Scanning Electron Microscope Dimensional Metrology Using a Model-Based Library
John S. Villarrubia, Andras Vladar, Michael T. Postek
The semiconductor electronics industry places significant demands upon secondary electron imaging to obtain dimensional measurements that are used for process control or failure analysis. Tolerances for measurement uncertainty and repeatability are smaller than the spatial resolution of edges in the scanning electron microscope (SEM) that is used to perform the measurements. Image processing techniques, historically used to identify edge locations, are inadequate under these conditions. An alternative approach, based upon Monte Carlo electron transport modeling to assign edge positions, has been developed. The specimen shape is parameterized, and parameters are iteratively adjusted to produce the best least squares fit to the measured image. Because Monte Carlo simulators are too slow to be used directly in such an iterative calculation, the Monte Carlo technique is used relatively few times to construct a library of results for parameters spanning the process space of interest. A function that interpolates the library then becomes a surrogate that is used to rapidly compute the model function as needed. This procedure has yielded measurement results from top-down SEM images that are in good agreement with cross-section measurements and that have as much as a factor of 3 better same-site repeatability than the more traditional techniques.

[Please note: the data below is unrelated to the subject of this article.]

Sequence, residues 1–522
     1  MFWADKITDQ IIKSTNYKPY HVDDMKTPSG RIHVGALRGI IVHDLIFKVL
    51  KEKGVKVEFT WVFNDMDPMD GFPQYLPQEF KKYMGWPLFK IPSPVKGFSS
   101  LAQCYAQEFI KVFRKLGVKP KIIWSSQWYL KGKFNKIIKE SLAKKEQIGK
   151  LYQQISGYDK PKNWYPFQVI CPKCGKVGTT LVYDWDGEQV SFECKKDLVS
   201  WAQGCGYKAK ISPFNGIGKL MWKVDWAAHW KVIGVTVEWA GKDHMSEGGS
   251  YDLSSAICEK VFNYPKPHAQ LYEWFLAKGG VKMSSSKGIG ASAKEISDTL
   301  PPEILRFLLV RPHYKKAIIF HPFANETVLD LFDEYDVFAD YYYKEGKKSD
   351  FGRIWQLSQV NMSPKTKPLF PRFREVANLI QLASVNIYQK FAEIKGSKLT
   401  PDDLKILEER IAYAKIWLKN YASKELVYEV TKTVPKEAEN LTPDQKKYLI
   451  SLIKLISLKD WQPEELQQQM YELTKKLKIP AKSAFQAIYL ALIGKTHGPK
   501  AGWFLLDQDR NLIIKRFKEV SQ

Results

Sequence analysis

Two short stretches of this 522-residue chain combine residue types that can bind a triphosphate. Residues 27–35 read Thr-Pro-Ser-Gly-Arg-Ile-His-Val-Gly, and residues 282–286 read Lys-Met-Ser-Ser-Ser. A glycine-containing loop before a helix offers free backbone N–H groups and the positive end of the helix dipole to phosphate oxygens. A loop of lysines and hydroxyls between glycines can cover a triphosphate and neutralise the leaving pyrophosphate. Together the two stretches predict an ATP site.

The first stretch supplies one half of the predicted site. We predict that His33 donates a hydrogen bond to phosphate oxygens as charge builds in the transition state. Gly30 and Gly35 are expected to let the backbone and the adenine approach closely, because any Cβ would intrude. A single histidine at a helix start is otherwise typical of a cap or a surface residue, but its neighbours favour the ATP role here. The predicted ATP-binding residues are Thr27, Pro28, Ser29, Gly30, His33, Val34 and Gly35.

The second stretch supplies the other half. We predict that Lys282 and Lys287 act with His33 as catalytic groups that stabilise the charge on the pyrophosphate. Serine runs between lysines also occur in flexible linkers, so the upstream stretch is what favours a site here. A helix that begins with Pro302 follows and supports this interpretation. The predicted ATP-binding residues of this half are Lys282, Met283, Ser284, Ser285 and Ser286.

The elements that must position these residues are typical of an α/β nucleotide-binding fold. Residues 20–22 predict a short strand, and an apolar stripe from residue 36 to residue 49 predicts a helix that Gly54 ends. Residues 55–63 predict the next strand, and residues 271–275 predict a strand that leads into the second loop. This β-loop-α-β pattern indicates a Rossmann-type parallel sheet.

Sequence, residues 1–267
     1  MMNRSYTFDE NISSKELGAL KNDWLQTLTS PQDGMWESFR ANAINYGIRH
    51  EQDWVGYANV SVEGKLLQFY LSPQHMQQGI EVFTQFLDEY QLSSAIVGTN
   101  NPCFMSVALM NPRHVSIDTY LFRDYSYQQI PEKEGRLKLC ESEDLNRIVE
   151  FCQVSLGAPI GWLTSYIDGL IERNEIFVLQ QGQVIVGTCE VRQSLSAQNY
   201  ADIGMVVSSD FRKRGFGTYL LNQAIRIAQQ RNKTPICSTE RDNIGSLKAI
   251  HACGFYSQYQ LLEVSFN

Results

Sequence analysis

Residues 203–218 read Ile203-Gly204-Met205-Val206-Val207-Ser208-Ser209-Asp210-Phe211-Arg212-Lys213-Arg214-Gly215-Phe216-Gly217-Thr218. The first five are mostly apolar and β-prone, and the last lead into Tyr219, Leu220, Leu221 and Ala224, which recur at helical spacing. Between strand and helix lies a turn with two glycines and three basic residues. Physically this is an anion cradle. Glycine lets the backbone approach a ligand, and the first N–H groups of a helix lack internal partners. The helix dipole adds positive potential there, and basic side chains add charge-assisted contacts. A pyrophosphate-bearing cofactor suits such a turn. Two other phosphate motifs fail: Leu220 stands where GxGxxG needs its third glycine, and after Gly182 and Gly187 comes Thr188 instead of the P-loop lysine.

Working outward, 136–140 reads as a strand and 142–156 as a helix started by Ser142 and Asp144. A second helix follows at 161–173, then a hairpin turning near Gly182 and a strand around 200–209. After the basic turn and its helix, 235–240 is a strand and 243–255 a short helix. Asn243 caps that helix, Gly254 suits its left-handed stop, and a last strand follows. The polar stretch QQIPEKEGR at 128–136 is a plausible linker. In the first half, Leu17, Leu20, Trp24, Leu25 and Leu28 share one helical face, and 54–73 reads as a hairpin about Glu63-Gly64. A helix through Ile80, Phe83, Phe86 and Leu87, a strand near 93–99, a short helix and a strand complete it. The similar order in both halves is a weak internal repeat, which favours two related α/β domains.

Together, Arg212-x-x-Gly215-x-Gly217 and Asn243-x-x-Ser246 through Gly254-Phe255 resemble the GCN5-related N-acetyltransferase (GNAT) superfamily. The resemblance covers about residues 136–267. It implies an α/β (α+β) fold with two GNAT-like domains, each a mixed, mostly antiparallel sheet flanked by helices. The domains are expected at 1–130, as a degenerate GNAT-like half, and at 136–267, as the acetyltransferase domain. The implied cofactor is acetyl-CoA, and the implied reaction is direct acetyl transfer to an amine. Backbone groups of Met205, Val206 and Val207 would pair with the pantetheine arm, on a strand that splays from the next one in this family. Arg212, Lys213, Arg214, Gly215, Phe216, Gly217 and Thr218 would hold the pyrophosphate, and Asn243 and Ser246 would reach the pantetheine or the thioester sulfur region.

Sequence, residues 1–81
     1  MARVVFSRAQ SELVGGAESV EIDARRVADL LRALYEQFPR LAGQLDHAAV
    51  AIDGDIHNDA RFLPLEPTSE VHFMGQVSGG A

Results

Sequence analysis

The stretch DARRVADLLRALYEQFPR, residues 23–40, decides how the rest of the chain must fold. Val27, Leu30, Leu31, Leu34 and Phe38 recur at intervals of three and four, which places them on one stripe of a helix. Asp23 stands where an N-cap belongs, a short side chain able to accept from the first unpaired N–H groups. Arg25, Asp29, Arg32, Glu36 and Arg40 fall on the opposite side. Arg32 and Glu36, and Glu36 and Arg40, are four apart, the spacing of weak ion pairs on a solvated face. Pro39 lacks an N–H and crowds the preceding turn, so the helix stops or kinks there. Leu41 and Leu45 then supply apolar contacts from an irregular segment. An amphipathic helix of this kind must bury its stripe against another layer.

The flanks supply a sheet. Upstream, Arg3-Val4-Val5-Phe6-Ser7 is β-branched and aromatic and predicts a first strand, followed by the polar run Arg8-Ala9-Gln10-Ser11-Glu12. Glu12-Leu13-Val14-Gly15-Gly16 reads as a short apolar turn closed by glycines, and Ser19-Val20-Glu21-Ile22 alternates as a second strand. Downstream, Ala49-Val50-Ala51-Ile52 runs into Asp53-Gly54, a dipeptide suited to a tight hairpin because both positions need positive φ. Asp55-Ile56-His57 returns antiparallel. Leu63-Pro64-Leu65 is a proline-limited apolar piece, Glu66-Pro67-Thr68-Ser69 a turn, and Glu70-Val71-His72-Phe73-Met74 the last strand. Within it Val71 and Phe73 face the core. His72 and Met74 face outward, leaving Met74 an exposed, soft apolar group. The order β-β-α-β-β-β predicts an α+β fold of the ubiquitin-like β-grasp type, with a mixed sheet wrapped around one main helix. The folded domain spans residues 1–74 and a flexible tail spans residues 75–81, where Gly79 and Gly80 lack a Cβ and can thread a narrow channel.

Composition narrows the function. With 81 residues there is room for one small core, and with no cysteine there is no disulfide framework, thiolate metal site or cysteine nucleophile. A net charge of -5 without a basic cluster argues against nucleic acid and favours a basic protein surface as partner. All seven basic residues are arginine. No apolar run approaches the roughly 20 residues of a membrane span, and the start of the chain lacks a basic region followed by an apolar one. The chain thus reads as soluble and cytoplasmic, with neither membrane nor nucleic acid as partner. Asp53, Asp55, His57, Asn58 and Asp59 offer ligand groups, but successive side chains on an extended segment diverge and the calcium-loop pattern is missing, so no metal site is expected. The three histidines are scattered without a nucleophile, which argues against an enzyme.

Surface and Interface Analysis
dimensional metrology, linewidth, model-based library, scanning electron microscopy